Sunnier Side of the Office – February 25, 2019

Every time somebody’s driving somebody, I lose.” 

- Spike Lee, backstage, on losing out at the Oscars to Green Book this year – and Driving Miss Daisy back in 1990

By: Wells Wallace

Meet TikTok, the short-form video app that has Vine lovers feeling very nostalgic.

Often described as a lip-syncing app, TikTok is best known for its act-out memes backed by music and other sound clips (think #InMyFeelings challenge). The app has skyrocketed in popularity and was the #1 most-downloaded app on The App Store in 2018. In December alone it gained 75 million new users. What makes it stand out from Instagram and Snapchat? In terms of features, it has an impressive suite of video-editing tools. But more than than that, the tone of the app feels different than that of other social platforms. As TechCrunch put it:

Users today are engaged in the culture wars on Twitter (ban the Nazis! protect free speech!), while YouTubers are gaming the algorithm with hateful, exploitive, dangerous and otherwise questionable content that freaks out advertisers. And Facebook is, well, contributing to war crimes and the toppling of democracy. Meanwhile, TikTok often presents an alternative version of online sharing. Simple, goofy, irreverent — and frankly, it’s a much needed reset.

While Gen Z is the overwhelming majority currently, the audience is quickly expanding beyond that. After using the app himself, this past November Jimmy Fallon incorporated a TikTok “challenge” into his late night show. TikTok challenges make up the bulk of the app’s content and are essentially a video format for users to iterate on.

While there are no ad units currently, brands are increasingly tapping influencers to advertise on the platform. Universal Pictures as well as the NFL are recent examples. However just last week, Digiday published an article saying that there are four TikTok ad products in the works: a brand takeover, an in-feed native video ad, a hashtag challenge and a Snapchat-style 2D lens filter for photos.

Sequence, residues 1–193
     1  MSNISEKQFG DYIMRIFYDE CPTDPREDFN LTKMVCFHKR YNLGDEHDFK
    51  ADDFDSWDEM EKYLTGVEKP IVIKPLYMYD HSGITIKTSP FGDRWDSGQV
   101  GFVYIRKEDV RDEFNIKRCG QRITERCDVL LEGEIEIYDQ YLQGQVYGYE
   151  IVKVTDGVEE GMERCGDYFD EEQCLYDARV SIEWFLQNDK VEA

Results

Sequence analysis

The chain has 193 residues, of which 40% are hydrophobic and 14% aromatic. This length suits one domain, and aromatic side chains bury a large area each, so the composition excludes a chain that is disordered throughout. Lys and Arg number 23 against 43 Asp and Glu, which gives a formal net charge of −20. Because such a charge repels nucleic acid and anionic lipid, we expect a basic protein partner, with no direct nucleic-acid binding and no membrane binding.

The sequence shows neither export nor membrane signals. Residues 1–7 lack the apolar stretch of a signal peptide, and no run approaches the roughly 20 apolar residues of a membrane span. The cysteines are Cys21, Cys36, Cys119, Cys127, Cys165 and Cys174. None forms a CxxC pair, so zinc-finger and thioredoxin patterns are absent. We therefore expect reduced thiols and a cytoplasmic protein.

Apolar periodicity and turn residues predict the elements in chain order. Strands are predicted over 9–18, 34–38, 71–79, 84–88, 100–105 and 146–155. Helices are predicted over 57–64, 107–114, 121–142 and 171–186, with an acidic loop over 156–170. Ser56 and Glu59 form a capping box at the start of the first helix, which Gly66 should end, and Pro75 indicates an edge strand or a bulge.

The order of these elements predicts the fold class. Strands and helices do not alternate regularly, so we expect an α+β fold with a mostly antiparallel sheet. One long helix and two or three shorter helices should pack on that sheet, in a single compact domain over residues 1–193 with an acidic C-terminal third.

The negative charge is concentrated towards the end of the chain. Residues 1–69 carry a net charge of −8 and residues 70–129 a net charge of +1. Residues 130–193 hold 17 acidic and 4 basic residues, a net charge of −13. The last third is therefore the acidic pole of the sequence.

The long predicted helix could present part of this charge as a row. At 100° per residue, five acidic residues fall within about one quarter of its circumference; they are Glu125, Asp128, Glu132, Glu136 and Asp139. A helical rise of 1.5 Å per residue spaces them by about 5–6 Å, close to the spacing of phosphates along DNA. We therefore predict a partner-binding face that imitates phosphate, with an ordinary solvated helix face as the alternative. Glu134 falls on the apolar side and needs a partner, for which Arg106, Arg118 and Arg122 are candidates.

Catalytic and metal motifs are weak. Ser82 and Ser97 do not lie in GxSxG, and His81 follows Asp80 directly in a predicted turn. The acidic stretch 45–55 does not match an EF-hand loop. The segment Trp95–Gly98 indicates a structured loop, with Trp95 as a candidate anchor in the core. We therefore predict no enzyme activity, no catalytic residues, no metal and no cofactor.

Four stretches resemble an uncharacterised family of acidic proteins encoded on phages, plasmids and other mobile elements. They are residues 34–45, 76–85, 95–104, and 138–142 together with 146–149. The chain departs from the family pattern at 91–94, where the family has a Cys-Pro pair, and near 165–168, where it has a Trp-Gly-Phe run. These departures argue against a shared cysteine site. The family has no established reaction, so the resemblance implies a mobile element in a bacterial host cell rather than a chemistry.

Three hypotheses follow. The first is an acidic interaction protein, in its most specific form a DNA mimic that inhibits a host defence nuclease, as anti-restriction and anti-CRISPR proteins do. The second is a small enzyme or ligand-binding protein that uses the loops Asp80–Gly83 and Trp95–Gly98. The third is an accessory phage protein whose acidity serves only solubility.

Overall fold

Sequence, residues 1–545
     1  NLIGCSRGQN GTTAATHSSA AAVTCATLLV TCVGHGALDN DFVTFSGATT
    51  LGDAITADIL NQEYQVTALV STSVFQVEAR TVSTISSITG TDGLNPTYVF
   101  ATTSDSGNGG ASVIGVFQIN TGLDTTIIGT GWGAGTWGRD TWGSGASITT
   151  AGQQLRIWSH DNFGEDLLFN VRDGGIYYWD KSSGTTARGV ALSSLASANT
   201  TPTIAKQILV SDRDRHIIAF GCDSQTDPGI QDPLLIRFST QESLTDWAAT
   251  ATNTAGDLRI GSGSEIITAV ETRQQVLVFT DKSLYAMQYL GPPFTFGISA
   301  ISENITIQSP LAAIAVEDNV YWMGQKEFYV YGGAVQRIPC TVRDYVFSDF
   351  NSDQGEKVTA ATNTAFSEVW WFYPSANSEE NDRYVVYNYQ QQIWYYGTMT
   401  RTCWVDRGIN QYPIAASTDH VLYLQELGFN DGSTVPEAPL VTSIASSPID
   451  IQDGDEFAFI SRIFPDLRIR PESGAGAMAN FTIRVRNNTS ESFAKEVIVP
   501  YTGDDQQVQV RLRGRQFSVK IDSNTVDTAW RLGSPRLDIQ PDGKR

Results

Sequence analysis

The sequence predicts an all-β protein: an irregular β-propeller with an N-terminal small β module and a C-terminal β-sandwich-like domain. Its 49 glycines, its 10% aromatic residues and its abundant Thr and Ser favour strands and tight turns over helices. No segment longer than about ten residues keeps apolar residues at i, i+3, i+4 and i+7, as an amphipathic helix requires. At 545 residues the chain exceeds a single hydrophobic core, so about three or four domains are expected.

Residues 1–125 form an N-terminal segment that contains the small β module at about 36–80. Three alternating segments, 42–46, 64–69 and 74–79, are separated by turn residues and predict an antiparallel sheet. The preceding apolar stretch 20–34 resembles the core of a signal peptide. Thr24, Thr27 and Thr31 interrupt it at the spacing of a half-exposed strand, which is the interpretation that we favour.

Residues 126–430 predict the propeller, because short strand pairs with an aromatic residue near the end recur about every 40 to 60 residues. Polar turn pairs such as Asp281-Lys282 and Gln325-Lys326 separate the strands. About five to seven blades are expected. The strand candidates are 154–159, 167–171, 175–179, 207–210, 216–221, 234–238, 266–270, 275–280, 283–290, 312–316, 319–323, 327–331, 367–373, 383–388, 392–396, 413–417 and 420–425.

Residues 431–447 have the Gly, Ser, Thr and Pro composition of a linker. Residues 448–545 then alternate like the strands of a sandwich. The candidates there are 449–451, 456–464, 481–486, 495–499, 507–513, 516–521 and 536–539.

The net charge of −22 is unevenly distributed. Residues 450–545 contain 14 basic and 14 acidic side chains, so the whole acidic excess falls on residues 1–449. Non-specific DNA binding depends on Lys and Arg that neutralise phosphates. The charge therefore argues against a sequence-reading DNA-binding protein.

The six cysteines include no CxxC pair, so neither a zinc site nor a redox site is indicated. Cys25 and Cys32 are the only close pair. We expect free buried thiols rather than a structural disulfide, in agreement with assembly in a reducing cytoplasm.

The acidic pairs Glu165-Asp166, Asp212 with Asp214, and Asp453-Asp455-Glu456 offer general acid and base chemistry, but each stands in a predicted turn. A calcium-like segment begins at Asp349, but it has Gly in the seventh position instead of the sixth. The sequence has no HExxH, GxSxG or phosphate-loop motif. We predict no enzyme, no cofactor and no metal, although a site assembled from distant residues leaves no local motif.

Spotify Acquires Gimlet Media and Anchor
By: Arthi Veeraragavan

Over the past few weeks, Spotify has acquired two podcast networks, Gimlet Media and Anchor. With this move, the decade old music streaming provider is shifting from being the go-to destination for music fans, to a provider of online audio. 

Gimlet Media, the network behind popular podcasts “Reply All” and “Crimetown," will add significantly to Spotify’s podcast line-up, while Anchor will help build the foundation for new content through its tools for recording and distribution. 

With a robust selection of content, Spotify will enhance the podcast listening experience by bringing a tailored approach to content and advertising. As Brian Benedik, VP and Global Head of Advertising Sales at Spotify, told TechCrunch, “The more understanding you have around the music you stream, the more we can personalize the ad experience. Now we can take that to podcasts.” 
What (Brands Think) People Want
By: Luke Yun

Authenticity is to brands what location is to real estate. Ninety percent of consumers say authenticity is important when deciding which brands to like and support - up from 86% in 2017 - but are brands delivering?

Stackla recently ran a survey with 1,590 consumers and 150 B2C marketers from the U.S, UK and Australia that shows a big discrepancy in what actually drives trust. While marketers strongly believe their content resonates authentically, a majority of consumers disagree. The numbers speak for themselves:

When it comes to driving trust, user-generated content remains king: 58% of consumers say that UGC is the most authentic form of content. Yet marketers think otherwise: 

Layer in purchase intent and UGC still comes out on top. Above professional brand images and celebrity/influencer content. 

TL;DR - Brands and marketers pressure themselves into creating high-quality content at a high volume when they really should be leaning more into user-generated content to foster relationships and build trust. 

Apple's Instagram presence, bolstering the #ShotoniPhone campaign, is a great north star for how even the most aesthetically driven brands can lead with a UGC approach. 
Nike debuted their new spot, "Dream Crazier" during last night's Oscars, where a 30-second ad cost $2.6 million (50% less than the Super Bowl).
Copyright © 2019 M/H VCCP, All rights reserved.

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